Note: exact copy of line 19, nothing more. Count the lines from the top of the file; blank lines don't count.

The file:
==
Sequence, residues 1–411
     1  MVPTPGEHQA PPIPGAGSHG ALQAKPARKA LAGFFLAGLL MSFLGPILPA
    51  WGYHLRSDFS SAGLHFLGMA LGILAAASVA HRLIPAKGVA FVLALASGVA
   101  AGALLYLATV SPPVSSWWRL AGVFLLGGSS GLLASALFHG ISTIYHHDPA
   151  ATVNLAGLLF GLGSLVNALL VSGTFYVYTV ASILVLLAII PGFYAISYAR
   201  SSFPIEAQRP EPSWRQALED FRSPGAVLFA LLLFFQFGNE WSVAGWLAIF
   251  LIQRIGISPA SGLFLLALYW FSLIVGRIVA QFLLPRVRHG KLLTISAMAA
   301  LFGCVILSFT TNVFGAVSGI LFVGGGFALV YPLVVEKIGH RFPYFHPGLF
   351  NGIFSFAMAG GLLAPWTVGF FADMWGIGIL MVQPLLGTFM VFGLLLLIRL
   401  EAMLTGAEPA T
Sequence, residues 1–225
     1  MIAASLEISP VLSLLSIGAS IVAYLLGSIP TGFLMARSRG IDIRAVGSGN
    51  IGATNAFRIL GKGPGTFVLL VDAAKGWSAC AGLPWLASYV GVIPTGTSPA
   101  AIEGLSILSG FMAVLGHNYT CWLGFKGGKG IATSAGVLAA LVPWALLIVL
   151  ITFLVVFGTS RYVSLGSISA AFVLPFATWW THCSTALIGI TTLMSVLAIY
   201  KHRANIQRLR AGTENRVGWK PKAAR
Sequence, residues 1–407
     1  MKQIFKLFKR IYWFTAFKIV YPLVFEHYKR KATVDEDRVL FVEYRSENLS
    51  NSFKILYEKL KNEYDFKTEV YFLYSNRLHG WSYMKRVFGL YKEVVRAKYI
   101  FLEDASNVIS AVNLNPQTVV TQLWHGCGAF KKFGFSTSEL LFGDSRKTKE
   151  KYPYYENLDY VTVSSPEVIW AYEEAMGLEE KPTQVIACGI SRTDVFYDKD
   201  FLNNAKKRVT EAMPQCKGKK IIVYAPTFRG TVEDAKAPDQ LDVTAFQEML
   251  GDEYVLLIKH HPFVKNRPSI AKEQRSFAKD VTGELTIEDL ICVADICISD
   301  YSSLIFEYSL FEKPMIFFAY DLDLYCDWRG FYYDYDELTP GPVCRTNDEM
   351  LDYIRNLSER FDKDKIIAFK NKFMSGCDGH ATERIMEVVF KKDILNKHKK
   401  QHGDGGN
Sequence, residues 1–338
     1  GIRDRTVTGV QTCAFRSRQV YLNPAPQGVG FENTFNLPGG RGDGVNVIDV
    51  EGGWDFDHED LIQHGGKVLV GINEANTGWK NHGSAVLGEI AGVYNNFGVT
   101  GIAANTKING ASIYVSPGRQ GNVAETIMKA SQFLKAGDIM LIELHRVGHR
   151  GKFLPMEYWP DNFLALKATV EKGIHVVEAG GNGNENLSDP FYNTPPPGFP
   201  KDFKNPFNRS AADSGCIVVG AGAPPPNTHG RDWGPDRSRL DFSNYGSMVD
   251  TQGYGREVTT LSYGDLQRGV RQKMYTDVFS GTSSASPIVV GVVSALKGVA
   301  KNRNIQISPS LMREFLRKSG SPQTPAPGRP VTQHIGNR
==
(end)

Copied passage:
    51  NSFKILYEKL KNEYDFKTEV YFLYSNRLHG WSYMKRVFGL YKEVVRAKYI